Category Archives: interviews

The Numbers.

“Forty six, forty seven, forty eight, forty nine, fifty…”

The FitBit wasn’t worth its price tag of $350. I could count. Out loud. Extra maxillofacial muscle exercise never hurt a girl, anyway; Lord knows, our ability to use our voices had always been our truest arrow. Best to keep that one sharp.

On the way home after the walk, behind the wheel of my 10 year old Pontiac, I heard Fareed Zakaria using his to expose two far more alarming numbers.

The first came from an author named Jonathan Haidt, whom he was interviewing. Did we know that the suicide rate among American girls was up 70 per cent since 2011?

Instantly, innumerable faces came into my frame. Sixth, seventh, eighth grade teens, at the school where I’d spent the final 12 of my 25 years in public education. The ones whose eyes were half shut, bodies immobilized by heroin, sitting like mannequins in the middle of music class.

Fareed had already moved on. Did we know that 90 per cent of all Venezuelans lived in poverty?

No. I was sure that we did not.

There was much that we Americans did not know. We persisted, however, in crowing on about what we thought we did. The less about which we were sure, the more plentiful our public pronouncements.

In fact, the media was rife with these. We’d managed to elect many, with skills well honed in the craft of selling the official statistics on any number of issues over which our vote should apparently have some control. And, they were eager to tell us all about it.

I was almost home. The idea for this piece already taking shape, I knew I’d probably gather the 26 pairs of drip dried underwear into their drawers and then set my seat down in front of the screen to write it.

Rain was pretty much scheduled for the rest of this Sunday. Would I be counting any more steps, or just fretting over the absence of sun drying options for the remaining laundry? The dryer could be repaired for about $230; a new one, installed, for about $520 with tax.

These numbers were disparate enough. They created distance, between me and those who wanted my money. Venezuela could use some American charity. American girls needed more than funding to reduce the number of their diminishing lives.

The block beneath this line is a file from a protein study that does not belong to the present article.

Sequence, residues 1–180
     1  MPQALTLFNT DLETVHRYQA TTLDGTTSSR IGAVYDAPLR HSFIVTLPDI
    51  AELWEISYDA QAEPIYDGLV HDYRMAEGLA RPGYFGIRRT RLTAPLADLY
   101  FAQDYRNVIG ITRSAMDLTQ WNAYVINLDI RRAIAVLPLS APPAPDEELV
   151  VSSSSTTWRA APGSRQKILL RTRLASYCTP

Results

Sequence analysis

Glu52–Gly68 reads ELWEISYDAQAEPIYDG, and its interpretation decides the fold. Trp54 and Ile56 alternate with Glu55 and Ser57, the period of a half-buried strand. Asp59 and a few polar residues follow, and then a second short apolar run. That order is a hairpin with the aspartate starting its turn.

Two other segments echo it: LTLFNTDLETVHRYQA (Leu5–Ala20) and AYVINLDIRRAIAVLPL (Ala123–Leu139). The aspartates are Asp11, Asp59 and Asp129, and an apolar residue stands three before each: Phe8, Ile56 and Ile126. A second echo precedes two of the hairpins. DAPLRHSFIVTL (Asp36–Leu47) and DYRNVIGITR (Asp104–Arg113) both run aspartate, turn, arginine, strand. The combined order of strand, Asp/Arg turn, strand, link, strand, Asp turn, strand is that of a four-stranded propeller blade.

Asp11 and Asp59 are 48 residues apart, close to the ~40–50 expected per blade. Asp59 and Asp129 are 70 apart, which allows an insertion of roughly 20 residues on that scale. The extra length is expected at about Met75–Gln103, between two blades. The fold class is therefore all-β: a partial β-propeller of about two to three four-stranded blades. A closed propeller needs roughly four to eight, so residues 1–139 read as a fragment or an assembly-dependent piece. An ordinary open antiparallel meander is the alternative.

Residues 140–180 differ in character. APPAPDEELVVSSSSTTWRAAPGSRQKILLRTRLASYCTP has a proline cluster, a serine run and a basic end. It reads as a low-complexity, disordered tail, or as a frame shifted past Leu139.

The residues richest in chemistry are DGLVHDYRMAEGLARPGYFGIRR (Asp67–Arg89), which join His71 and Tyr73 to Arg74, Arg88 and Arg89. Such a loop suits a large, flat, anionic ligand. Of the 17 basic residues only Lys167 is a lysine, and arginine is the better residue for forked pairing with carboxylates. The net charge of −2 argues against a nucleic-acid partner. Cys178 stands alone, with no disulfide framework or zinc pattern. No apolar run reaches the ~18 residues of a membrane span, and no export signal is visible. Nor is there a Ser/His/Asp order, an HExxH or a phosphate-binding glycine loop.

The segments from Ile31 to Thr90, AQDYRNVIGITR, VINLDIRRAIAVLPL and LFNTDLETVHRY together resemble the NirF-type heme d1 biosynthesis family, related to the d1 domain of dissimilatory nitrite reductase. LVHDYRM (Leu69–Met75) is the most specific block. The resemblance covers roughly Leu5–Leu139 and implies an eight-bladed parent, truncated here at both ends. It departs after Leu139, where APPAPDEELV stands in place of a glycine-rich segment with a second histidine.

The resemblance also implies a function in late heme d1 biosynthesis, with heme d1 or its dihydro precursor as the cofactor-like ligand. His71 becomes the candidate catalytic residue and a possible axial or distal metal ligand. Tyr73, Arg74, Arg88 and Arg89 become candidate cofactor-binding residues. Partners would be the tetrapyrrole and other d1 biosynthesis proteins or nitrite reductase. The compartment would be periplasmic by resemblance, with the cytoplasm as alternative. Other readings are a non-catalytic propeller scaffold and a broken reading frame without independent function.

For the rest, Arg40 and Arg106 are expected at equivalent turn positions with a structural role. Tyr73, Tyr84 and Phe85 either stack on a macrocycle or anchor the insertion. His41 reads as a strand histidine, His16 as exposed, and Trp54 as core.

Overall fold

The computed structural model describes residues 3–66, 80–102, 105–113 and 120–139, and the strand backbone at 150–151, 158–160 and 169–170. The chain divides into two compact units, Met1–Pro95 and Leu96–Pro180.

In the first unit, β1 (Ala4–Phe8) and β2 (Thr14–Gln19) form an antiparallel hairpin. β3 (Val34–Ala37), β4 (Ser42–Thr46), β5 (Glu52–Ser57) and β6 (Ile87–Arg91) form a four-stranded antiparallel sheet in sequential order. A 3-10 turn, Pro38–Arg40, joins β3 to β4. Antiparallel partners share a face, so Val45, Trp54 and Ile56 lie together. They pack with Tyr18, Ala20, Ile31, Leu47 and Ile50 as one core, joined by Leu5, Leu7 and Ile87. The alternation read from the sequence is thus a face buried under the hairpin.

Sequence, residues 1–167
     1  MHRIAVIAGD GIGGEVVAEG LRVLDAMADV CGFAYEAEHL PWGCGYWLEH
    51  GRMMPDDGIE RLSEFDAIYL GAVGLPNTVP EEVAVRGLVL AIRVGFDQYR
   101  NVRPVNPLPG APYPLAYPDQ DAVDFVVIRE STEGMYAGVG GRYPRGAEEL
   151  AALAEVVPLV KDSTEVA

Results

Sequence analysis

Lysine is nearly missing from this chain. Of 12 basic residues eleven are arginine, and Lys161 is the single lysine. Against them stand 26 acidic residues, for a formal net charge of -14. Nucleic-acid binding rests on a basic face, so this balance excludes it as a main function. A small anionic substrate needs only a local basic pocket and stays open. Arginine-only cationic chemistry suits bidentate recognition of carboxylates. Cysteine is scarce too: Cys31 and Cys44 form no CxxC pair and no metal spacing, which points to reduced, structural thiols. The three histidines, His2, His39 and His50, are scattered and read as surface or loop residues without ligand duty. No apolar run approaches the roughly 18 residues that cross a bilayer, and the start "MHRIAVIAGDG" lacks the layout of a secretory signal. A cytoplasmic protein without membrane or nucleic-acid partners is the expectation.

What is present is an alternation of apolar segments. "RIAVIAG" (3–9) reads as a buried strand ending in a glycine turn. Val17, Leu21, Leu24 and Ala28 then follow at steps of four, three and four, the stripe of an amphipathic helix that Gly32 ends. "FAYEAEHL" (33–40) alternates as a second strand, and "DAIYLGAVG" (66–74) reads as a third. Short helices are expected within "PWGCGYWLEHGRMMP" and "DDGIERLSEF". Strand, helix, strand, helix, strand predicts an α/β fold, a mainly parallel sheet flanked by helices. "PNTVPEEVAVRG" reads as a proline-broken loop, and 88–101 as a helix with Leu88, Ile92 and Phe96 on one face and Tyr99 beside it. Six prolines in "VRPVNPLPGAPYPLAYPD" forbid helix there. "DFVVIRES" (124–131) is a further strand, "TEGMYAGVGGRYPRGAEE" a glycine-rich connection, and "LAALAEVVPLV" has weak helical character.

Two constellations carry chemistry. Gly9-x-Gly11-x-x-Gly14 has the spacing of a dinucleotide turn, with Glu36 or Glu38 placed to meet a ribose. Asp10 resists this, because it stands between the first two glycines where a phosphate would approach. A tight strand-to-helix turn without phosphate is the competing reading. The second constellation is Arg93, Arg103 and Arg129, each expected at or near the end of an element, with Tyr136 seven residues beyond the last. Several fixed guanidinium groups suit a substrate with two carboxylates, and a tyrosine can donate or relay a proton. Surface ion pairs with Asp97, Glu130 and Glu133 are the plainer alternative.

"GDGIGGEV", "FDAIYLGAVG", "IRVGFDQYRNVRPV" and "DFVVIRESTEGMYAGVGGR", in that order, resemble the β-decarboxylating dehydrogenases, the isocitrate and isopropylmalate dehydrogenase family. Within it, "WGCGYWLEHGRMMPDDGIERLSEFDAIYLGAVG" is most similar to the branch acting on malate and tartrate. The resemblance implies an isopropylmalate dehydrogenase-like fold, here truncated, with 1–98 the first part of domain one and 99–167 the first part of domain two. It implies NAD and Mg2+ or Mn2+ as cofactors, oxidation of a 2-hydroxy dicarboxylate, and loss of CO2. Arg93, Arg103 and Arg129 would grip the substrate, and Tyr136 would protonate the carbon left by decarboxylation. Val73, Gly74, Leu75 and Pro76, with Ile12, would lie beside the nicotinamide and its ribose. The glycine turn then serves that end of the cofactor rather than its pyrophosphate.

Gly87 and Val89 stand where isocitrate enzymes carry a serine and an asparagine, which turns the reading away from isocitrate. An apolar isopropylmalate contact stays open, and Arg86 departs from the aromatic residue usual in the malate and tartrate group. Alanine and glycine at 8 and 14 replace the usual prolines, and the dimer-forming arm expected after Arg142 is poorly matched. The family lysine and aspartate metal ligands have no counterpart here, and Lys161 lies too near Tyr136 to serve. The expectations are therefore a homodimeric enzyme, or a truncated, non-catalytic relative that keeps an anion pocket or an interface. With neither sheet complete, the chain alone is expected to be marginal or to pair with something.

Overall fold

Counting the cost was up to me.




© 9/9/18  Ruth Ann Scanzillo   All rights those of the author, whose name appears above this line. Please respect original material. Thank you.



Modulating Jane.


Jane Sanders is speaking, right now, in a Wolf Blitzer interview at CNN.

Jane is Bernie Sanders’ wife.

I’m a musician. A musician, with some significant background in voice.

With quite a bit of experience, singing solo, and singing in ensemble and, given a history teaching marching band, with nodes, cord surgery, and follow up voice lessons with none other than the world’s most enduring Madama Butterfly, Louisa Jonason, yes.

I know the voice.

You can tell a lot about a person by the sound of that person’s voice.

It’s called modulation. The voice is either shrill, raspy, tight, muted, or well modulated.

Jane Sanders’ voice is beautifully modulated.

This suggests that she is a woman of inner calm. She takes time to breathe. She takes time to listen. She does not push into the auditory realm; she simply enters, with grace.

You can also tell a lot about a man by observing his wife.

I think everybody, and I mean everybody, should do a search for that Blitzer interview which just took place on CNN. Between 1pm and 1:15pm, EST, today, April 21. Watch Jane Sanders speak, and listen to her voice. Hear what she says.

You’ll be finding out a lot about the man you should be seriously considering as your candidate for President of the United States. And, it doesn’t matter if you are a man or a woman.




© Ruth Ann Scanzillo 4/21/16   – littlebarefeetblog. Please share this post!  Thank you!






The Heartbeat of Robert Downey, Jr.

Gotta say it.

For every “for” and “against” that has come out raving about Robert Downey’s interview walk-off, I don’t think this has yet to be offered.

Anybody look keenly at his chest as the questions became more incisive?

His heart was p.o.u.n.d.i.n.g.

Robert Downey, Jr was not being arrogant or uncooperative. The guy was physically upset by the line of questioning. His body was revolting.

Now, there are essentially two, main reasons, outside of physiological disease, why heart rate suddenly increases: a.) surprise; and, b.) fear.

Suppose both of these emotions were suddenly at play in Downey’s body. Would it be reasonable to assume a direct correlation between the probing nature of the questioning and his reaction? I believe the answer is yes.

We don’t know exactly why he reacted with either surprise or fear. Did he feel threatened? Perhaps. But, when the human body spikes a heart rate in the seated position, it is important to remove the source of the agitation.

In the case of this particular scenario, it appeared that nobody else in the room was about to move away from Downey.

So, he moved.

Personally, I think he did feel threatened. He didn’t want old wounds opened. He didn’t want his personal life investigated during the premiere week of his latest film. And, choosing to address past weaknesses in the face of this latest phase of an apparently successful run serves him not at all.

Neither does doing so serve the promotion of the film, in general, or the potential success of the movie.

So, let’s stay on topic, journalists. Or else, perhaps allow yourselves to be vetted publicly the next time you land a juicy sit down.





© Ruth Ann Scanzillo